Proposal: Selector/Select Expression

Naveen Chawla naveen.chwl at gmail.com
Wed Jun 26 10:08:58 UTC 2019


The problem is the same unless you have a way of "gluing" an expression as
a "shorthand-function" e.g. `:.prop1 / :.prop2` won't be interpreted as a
single function that performs x.prop1 / x.prop2, but rather an attempt to
perform division with 2 functions

On Wed, 26 Jun 2019 at 10:44, Michael Luder-Rosefield <
rosyatrandom at gmail.com> wrote:

> The more I read this proposal, the more I feel the ideal solution is a
> preceding 'wildcard' character, to stand-in for a generic argument. If it
> wasn't in (widespread!) use, I'd suggest an underscore: ```const f = _.prop
> ```
>
> Since it is, though, we need another one. How about a double-colon, seeing
> as it can represent property access on other languages? ```const f =
> ::prop ```, ```const g = ::[compProp] ```, ```const h =  ::?optProp ```
>
> On Sun, 23 Jun 2019, 11:43 Simon Farrugia, <simonfarrugia26 at gmail.com>
> wrote:
>
>> I was expecting that someone brings up the brackets property accessor at
>> some point.
>> I would argue that there is a bit of syntactic inconsistency since
>> usually when using the bracket accessors it is not preceded by a dot.
>> ```
>> const getEmail = user => user["contacts"].email; // No dot between user &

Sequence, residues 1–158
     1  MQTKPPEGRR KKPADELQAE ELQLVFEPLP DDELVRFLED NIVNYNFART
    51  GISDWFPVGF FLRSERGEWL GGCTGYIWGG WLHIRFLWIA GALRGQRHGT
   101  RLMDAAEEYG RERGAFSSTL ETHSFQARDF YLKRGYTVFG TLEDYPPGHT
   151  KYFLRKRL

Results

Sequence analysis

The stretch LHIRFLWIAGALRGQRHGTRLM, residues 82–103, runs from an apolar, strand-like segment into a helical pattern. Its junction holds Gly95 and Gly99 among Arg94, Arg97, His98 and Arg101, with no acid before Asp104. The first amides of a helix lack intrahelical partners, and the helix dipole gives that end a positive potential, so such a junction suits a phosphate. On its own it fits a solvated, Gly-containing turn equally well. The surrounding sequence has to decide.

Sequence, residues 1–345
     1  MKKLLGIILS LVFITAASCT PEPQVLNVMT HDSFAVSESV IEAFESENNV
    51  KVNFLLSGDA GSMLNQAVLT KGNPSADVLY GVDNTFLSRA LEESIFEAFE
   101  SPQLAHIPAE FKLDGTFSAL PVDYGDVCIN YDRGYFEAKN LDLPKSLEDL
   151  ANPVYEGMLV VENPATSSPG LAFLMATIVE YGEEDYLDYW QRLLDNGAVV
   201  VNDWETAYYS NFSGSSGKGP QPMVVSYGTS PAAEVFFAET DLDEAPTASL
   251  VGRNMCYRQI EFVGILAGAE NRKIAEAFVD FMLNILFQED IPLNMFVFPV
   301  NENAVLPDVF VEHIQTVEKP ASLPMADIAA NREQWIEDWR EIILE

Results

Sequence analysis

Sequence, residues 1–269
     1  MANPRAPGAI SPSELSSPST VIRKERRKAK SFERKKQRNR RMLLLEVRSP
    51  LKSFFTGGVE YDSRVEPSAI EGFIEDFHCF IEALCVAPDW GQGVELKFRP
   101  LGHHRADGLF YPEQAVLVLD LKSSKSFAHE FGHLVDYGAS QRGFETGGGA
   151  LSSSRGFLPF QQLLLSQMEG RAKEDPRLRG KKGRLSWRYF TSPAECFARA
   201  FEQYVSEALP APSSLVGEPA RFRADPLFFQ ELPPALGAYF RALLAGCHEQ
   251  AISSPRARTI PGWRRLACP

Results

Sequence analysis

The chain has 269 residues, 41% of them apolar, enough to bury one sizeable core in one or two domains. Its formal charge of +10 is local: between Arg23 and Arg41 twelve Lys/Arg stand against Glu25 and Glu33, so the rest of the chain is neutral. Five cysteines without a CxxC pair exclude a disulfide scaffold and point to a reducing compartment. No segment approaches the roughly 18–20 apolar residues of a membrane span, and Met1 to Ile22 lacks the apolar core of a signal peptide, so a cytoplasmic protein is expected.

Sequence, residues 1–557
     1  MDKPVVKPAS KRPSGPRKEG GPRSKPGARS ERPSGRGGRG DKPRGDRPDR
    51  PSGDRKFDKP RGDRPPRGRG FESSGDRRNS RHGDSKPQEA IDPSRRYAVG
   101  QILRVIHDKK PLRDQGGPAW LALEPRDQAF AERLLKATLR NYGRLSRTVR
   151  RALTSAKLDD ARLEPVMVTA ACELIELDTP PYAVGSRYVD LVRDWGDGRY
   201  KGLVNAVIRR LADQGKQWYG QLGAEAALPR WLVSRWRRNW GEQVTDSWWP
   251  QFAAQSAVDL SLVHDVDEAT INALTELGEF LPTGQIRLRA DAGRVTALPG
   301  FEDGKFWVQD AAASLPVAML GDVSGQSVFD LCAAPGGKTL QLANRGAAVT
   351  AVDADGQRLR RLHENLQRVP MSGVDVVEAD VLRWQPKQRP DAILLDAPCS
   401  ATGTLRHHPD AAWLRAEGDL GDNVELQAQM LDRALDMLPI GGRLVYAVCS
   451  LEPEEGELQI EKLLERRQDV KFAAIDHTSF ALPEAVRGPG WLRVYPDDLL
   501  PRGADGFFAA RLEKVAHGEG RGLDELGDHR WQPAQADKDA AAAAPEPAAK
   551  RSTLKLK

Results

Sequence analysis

>> ["contacts"].
>> const getEmail = .["contacts"].email;
>> ```
>> Having said that, the currently proposed Optional Chaining operator
>> (Stage 2) <https://github.com/tc39/proposal-optional-chaining/> does
>> exactly that and more:
>> ```
>> obj?.prop       // optional static property access
>> obj?.[expr]     // optional dynamic property access
>> func?.(...args) // optional function or method call
>> ```
>> So I'd say that there is consistency with what is currently being
>> proposed.
>>
>> Regarding the Optional Chaining operator, which precedes the dot. How
>> would that work?
>>
>> It would have to be something like this, if allowed.
>> ```
>>
>> const getEmail = user => user?.contacts.email;
>> const getEmail = ?.contacts.email;
>>
>> ```
>>
>> It does look odd at first, but it’s quite simple is you think about it.
>> We are just omitting the initial part of the expression.
>>
>>
>>
>> More Examples with Optional Chaining operator:
>>
>> ```
>>
>> // With optional dynamic property access.
>>
>> const getUserEmail = user => user?.["contacts"].email;
>> const getUserEmail = ?.["contacts"].email;
>>
>>
>>
>> // With optional function or method call.
>>
>> const getJohnsEmail = getUserContacts =>  getUserContacts
>> ?.("John").email;
>> const getJohnsEmail = ?.("john").email;
>>
>> ```
>>
>>
>>
>> The beauty of what is being proposed is that there is nothing new to
>> learn or any new weird operator introduced.
>>
>> Any weirdness one might find with the expressions above will already have
>> been introduced by the Optional Chaining operator.
>>
>> The only thing this does is to allow you to omit the initial (redundant)
>> part of the expression.
>>
>>
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>> es-discuss at mozilla.org
>> https://mail.mozilla.org/listinfo/es-discuss
>>
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